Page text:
BERLIN: Climate activists staged demonstrations in cities around the world on Friday to demand more aid for poor countries hit by climate change.
The Fridays for Future movement started by Swedish activist Greta Thunberg called the protests, held from Berlin to New Delhi on the final day of the United Nations General Assembly in New York, under the hashtag #PeopleNotProfit.
In the German capital Berlin, organisers said 36,000 people marched through the city centre, although local authorities put the number at around 22,000. The activists held up placards with slogans including "Your Politics is Killing Us" and "There’s No Planet B".
"I think we still have a chance to change something. But to do that we really have to change our lifestyle now. And a radical change," protester Clemens Biet, 36, told AFP.
"There is a lot going on in Germany at the moment and there are certainly days when despair prevails and there is a feeling that things are happening far too slowly," said Stella Lesch, 29. "But there is also a lot of action being taken and a lot of people giving hope and giving the impression that a lot is possible."
In the Indonesian capital Jakarta, police lined the streets as protesters filed past chanting to the rhythm of drums. Protesters also marched in New Delhi, carrying an array of colourful banners and placards, with one sign reading "Welcome 2 Most Polluted Capital".
In France, activists briefly blocked the entrance to a TotalEnergies site in Lyon. Demonstrators also gathered in Rennes, Strasbourg, Grenoble, Marseille, Montpellier and Paris. "What we want to say today is that, after a summer of climate disasters, drought, water restrictions and heat, we could not go back to school as if nothing had happened," said Pablo Flye, a spokesman for Fridays for Future in France.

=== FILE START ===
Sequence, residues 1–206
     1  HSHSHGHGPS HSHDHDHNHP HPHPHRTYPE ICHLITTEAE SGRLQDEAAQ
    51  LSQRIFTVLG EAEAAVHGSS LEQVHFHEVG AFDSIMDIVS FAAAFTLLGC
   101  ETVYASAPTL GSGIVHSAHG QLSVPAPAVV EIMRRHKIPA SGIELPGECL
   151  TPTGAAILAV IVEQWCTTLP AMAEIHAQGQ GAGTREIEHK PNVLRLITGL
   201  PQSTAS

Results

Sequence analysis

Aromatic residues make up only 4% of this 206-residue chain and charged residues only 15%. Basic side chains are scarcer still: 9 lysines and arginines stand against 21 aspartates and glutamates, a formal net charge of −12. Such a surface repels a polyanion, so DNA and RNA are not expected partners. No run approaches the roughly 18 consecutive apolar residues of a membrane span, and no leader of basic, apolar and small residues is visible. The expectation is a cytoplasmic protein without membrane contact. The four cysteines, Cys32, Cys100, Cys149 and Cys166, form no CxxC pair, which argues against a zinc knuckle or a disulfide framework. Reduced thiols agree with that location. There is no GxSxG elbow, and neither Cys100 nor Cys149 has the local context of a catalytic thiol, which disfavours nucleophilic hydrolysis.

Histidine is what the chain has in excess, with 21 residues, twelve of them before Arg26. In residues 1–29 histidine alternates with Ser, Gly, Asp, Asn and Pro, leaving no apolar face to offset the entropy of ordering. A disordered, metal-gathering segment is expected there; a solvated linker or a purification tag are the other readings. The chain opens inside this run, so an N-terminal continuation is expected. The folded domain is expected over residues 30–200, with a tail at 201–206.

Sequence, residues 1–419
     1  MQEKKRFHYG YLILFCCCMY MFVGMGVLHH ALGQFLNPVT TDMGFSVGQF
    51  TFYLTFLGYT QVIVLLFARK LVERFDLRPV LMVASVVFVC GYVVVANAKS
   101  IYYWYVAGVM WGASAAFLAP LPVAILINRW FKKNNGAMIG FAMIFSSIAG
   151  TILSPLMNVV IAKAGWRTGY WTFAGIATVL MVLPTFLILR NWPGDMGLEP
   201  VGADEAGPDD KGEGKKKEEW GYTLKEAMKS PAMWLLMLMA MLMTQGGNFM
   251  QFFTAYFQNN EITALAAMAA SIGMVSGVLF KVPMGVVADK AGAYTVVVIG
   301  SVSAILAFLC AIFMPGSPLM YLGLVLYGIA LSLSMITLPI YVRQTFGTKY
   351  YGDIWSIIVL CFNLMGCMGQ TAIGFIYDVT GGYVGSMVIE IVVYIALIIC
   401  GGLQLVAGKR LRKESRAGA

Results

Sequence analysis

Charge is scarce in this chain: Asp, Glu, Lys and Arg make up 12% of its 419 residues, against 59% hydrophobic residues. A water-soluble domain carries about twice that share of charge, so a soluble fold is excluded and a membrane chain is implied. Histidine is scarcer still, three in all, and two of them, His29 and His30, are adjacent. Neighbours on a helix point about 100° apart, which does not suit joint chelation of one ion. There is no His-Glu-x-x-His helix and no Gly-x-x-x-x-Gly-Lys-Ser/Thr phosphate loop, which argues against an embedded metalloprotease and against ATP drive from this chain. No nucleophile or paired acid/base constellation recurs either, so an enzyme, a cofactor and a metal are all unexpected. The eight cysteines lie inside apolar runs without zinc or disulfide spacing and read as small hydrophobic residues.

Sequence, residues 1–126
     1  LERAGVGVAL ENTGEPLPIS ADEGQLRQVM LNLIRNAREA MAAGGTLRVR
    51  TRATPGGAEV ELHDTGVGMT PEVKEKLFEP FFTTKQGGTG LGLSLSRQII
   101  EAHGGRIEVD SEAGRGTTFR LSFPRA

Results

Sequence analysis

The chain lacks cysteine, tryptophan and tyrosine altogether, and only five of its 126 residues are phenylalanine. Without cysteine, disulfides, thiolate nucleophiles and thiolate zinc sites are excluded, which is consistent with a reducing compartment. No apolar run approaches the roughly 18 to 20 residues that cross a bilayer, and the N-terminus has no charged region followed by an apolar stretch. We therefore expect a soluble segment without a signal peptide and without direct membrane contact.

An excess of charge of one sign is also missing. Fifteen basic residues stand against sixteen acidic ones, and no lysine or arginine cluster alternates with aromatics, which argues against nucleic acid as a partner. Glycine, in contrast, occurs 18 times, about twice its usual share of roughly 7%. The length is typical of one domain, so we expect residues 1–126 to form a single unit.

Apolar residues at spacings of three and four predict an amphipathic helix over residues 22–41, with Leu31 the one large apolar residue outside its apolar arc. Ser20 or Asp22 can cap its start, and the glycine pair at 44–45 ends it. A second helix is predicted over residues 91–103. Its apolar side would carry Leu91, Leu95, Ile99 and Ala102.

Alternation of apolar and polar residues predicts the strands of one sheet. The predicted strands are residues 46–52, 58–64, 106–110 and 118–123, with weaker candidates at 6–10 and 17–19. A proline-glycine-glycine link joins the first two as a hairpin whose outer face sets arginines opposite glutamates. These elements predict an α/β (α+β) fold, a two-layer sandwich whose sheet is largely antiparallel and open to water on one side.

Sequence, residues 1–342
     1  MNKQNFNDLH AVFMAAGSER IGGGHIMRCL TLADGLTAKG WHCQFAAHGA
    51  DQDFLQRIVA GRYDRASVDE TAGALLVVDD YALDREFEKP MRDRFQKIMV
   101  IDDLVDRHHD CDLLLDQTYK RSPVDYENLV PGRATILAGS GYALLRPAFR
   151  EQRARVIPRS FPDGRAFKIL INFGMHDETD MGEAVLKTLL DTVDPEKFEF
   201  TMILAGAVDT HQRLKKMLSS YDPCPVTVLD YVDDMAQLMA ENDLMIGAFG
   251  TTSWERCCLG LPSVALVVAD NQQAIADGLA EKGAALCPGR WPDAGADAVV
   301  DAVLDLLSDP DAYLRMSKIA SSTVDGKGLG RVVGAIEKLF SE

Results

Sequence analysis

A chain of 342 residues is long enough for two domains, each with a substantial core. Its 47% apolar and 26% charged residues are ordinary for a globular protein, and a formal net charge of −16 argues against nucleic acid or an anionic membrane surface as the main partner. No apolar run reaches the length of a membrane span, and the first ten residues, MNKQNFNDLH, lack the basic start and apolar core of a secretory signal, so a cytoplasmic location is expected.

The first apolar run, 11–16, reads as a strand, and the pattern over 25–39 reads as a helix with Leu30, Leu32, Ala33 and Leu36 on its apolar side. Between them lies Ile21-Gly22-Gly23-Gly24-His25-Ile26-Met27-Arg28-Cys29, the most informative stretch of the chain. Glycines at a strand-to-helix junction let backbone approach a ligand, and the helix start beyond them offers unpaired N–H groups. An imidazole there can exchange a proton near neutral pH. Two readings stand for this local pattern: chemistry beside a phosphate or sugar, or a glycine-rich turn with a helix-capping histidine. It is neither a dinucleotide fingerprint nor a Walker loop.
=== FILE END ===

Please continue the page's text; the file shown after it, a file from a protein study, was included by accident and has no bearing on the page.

Thunberg, who began her "School strike for the climate" outside Sweden’s parliament in 2018, has risen to become one of the world’s most famous champions of action on climate change.“We’re striking all over the world because the governments in charge are still doing too little for climate justice,” said Darya Sotoodeh, a spokesperson for the group’s chapter in Germany.
“One day, it could be my house that gets flooded,” said 15-year-old Park Chae-yun, one of about 200 protesting in Seoul, South Korea. “I’m living with a sense of crisis, so I think it is more important to deliver my concerns to the government to take preventive measures rather than going to school.”
Denmark is the only rich country that has so far stepped up with funding for the problem of “loss and damage” due to climate-related disasters, announcing at the UN assembly this week it would provide DKK 100m (£12m) to address it.
A statement on the Fridays For Future website said: “Colonisers and capitalists are at the core of every system of oppression that has caused the climate crisis, and decolonisation, using the tool of climate reparations, is the best kind of climate action.”
The Fridays For Future youth movement began in 2018, inspired by Greta Thunberg’s solitary protests outside the Swedish parliament. It reached a high point in November 2019, when 4 million people took part in 4,500 actions worldwide on one Friday.